Overcoming Anxiety

 Statistics 

Overcoming anxiety is hard , but it is not impossible. Several people struggle with many different disorders, according to ADAA, “Anxiety disorders are the most common mental illness in the U.S., affecting 40 million adults in the United States age 18 and older, or 18.1% of the population every year.”  Anxiety can be treated but only 36.9 % of those suffering with this disorder are getting treated. Anxiety disorders can be triggered  by brain chemistry, life events, personality, or it can be genetic.  People who suffer from anxiety usually don’t suffer from depression, but one-half of those diagnosed with depression suffer from anxiety.   Anxiety can come in different ways. In the TedxTalk I saw, Angela Ceberano explained that when anxiety is at its climax, it hits her in different ways. For example, she has difficulty sleeping , eating, or even staying up until 3 am worrying over the slightest details , sometimes she even plays different scenarios in her head about how the smallest things can affect her future in either a positive or negative way. According to Ceberano, changing your perspective towards life and surrounding yourself with positive people may help reduce anxiety attacks.  People suffering with this disorder or andy disorder understand the struggle of waking up everyday and having a million thoughts coming at you at once. It is very difficult but it is definitely not impossible. You just have to believe in yourself and tell yourself you can do it. You can achieve anything you set your mind to.

    Ways to Keep Your Anxiety Calm

Did you know that there are several ways to calm down your anxiety ? Well if you were wondering its true there are several ways to calm down, even if anxiety is at its peak.  According to another TedxTalk I saw,  Olivia Remes explained three different ways to cope with anxiety. For example the first one is to feel as if you’re in control of your own life. GK Chesterton once said, “Anything worth doing is worth doing badly the first time.” By doing things without even thinking about the things that can go wrong speeds up your decision making.  What us as humans do, is that we aim straight for perfection, even though it is sometimes too much for us to handle, and once we realize that we never end up doing anything. The second coping skill that Olivia shared was to always forgive yourself. Serval people who suffer from anxiety worry too much about they are doing wrong on a daily basis. They are not kind to themselves at all, for example if they create an essay and they miss a few periods and commas here and there they believe that its terrible, they start stressing too much. Everyone must forgive themselves for the mistakes they recently made or mistakes that they made in the past. People in our generation need to realize that making mistakes is okay and that not everyone is perfect. The last coping skill that Olivia Remes shared was to always have a  meaning in life. No matter the amount of money we make , we know we aren’t happy until we find out that someone needs us, or that someone depends on our accomplishments, including if they need the love we share.  The very famous neurologist Dr, Victor Frankel said, “For people who think there’s nothing to live for and nothing more to expect from life, the question is getting people to realize that life is still expecting something from them.”   Doing things with someone important in mind help you go through the toughest times in life.  After doing this you will feel better in the situation your are in you will feel brave and feel as if you can conquer anything. Now the Question Olivia asked the audience is that same question I’m going to ask you, the reader of this blog, “Do you do a least do one thing with someone else in mind ?”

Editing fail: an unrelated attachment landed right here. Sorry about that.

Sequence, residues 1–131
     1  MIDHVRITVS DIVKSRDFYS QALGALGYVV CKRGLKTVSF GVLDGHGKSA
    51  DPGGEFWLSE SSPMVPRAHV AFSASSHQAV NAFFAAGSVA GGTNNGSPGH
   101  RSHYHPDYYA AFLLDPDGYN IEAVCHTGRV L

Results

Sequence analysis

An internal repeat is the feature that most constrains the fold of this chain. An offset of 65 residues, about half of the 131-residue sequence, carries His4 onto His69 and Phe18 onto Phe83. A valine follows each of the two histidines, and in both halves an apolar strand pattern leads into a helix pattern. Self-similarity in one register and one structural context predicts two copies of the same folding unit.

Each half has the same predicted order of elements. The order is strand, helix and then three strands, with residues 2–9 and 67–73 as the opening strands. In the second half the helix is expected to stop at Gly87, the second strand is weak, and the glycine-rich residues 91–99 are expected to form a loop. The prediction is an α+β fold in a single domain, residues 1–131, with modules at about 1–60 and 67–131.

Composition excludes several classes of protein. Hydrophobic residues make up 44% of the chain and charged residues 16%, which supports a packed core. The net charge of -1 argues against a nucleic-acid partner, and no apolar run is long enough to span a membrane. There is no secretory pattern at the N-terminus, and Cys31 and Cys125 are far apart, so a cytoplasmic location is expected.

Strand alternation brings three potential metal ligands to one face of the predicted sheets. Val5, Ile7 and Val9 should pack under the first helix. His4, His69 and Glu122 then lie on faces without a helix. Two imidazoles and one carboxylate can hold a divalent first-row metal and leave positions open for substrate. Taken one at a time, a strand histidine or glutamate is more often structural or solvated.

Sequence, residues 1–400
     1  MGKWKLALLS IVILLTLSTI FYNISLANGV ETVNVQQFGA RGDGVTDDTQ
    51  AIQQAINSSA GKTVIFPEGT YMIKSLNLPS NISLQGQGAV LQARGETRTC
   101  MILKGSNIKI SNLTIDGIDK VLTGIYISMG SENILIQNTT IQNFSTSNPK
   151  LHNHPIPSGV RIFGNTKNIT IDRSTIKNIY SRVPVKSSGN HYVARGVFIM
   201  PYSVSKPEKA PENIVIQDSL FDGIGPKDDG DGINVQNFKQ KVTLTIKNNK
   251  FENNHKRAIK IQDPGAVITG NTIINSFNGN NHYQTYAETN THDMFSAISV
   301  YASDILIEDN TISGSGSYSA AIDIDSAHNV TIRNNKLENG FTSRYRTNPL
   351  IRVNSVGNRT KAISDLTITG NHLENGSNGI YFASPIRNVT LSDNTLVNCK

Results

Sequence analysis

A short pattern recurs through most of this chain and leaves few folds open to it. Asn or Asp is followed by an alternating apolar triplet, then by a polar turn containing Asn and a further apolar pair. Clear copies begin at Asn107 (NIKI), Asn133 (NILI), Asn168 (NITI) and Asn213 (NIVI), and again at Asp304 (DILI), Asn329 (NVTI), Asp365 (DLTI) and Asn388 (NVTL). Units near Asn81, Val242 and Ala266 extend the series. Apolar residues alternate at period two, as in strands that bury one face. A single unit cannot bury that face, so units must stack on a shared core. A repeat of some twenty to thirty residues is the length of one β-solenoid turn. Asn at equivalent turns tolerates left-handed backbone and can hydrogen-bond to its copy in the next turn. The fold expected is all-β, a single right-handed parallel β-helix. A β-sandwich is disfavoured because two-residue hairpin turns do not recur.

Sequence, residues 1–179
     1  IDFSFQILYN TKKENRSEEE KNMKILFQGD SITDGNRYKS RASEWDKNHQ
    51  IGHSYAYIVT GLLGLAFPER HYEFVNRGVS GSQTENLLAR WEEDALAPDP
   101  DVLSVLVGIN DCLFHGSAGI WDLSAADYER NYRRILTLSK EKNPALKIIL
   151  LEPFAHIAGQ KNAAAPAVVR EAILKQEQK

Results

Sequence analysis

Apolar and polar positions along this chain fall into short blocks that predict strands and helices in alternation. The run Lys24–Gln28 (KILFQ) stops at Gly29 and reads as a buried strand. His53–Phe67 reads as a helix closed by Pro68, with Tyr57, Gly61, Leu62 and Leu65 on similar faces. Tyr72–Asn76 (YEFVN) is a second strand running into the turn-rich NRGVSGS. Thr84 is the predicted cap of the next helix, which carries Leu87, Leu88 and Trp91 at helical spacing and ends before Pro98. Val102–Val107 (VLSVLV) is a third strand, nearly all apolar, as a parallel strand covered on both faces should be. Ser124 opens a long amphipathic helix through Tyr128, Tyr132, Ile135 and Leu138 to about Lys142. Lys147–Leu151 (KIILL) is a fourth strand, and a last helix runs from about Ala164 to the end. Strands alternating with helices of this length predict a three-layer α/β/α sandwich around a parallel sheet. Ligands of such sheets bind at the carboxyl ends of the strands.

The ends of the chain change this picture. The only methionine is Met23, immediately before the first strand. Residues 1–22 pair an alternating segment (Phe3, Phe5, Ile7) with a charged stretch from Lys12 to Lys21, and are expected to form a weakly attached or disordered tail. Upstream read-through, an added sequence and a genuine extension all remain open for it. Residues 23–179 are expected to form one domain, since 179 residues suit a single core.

My Personal Experience With Anxiety Itself

I personally have had certain moments when I’ve had anxiety. For example, about two weeks ago I had my first every volleyball game, and let me tell you I had so much anxiety, I was so nervous of messing up . I felt as if everyone depended on me making a point, hitting the ball ,and making sure i didn’t miss a ball . I felt my heart rate speed up , my palms were sweating,  I felt as if I was going to have an anxiety attack right there on the spot, but luckily one of my really close friends who’s also experienced anxiety attacks told me to calm down and breath. She told me to think as if it was the other girls on my team who we were playing against.  Her tip helped me a lot.  What I also did besides from what she told me to do, I also drank a little bit of water and made sure I slowed my breath down , lastly I went outside of the gym to get a little bit of fresh air before the game.  Once the game started I felt fine, until the gym bleachers started getting full because the student started coming in to watch the game. Thats when my anxiety started slowly hitting once again, so I took a deep breath and told myself that everything was going to be okay. As the game started getting more competitive that is when I started focusing more on game than the people around me. As I did that my anxiety started slowly fading away. Even though my team and I lost , we did pretty good for it being our first game.